Wednesday, April 30, 2014

My Problem with "Rev"

This week saw the last-ever episode of the TV series Rev, about the vicar of a “failing” church in London. I've watched a fair bit of it, and all of the last series, but I always found it made me profoundly uncomfortable. This is why.

It wasn't because God hardly shows up, though he doesn't much. It wasn't because it's subtly hostile to the church, though it is, particularly in its depiction of all other clergy other than Adam as nasty pieces of work. It was because I found it all-too believable, and it made me face up to one of the fundamental problems faced by the Church of England. When I can do something about problems (or when it's my job to), I think it's important to face them and deal with them, but problems like this I'd rather bury my head in the sand and ignore. In some senses, it's none of my business, but it breaks my heart.

The Church of England has long been built on a foundation of fudge. We aren't really a denomination – we're a national Church which is a variously dysfunctional association of congregations bound together by a shared history which we disagree about, an often-distant episcopacy, a rough agreement that the Creeds are on the whole a good thing, an immensely flexible liturgy that can be indistinguishable from either Rome or Vineyard, and a slightly grudging agreement to work together for the common good. One of the problems with this is that there are some fairly fundamental things that we really don't agree on but never discuss, in particular the nature of ordained ministry.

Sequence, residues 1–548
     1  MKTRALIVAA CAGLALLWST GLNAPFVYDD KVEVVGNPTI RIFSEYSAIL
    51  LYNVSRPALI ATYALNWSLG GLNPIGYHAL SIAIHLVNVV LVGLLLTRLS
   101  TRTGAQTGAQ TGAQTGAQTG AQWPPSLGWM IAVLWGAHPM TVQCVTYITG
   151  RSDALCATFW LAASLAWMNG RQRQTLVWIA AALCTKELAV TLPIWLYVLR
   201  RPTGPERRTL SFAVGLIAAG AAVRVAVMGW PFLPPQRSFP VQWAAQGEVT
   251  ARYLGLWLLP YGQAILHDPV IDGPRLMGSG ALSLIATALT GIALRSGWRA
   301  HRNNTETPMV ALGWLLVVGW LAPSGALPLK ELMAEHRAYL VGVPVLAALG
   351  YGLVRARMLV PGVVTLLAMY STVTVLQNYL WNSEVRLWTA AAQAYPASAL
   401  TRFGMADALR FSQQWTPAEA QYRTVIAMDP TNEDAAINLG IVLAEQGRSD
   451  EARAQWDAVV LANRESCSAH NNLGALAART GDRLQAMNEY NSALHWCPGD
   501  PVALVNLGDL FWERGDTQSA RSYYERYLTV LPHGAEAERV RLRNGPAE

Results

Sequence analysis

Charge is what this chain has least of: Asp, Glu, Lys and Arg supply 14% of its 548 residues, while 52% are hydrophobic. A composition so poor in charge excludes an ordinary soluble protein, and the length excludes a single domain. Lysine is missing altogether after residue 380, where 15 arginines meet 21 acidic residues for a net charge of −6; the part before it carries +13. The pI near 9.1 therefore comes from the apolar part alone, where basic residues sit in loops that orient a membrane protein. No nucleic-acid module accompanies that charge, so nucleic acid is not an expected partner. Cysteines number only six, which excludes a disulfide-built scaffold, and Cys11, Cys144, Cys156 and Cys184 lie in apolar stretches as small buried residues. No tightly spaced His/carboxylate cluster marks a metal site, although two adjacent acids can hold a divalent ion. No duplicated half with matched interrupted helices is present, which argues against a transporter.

As far as I can tell, there are two main ideas about the nature of ordained ministry in the Church of England – the ontological and the functional, or in less technical language “being a priest” versus “leading the church”. I'll explain what I mean.


Two Views of Ordained Ministry


The ontological view of ministry is probably the more widely-held view. It's certainly the closest thing to an official view in the C of E. It says that when someone is ordained priest, they become a priest – that is who they are, and it doesn't go away (unless someone does something really bad, and the bishop goes a stage beyond sacking them). Priests are allowed to preside at communion, pronounce official blessing and absolution on people, and so on. Non-priests aren't, but a priest is a priest is a priest, whether they are a vicar, an army chaplain or a retired social worker who helps out in the local church and got ordained so they can help out with communion services.

The C of E selects people for ordination on the basis of this idea. Their criteria are roughly as follows:

  • do they live out some kind of spirituality, and can they articulate why they feel called to be a priest in the C of E?
  • are they moderately well-adjusted as a person – are they aware of their strengths and weaknesses, wanting to grow, willing to serve and to lead, possessing integrity?
  • do they have a decent understanding of the Christian faith, including the importance of reaching outsiders?

This isn't the view which comes naturally to me, but I've come to see some of its strengths. It's great to be able to appoint people like that as official ambassadors for the church. On the various occasions when Adam had a crisis of calling through the series, it was aspects of this call – the call to be a priest – which he kept coming back to.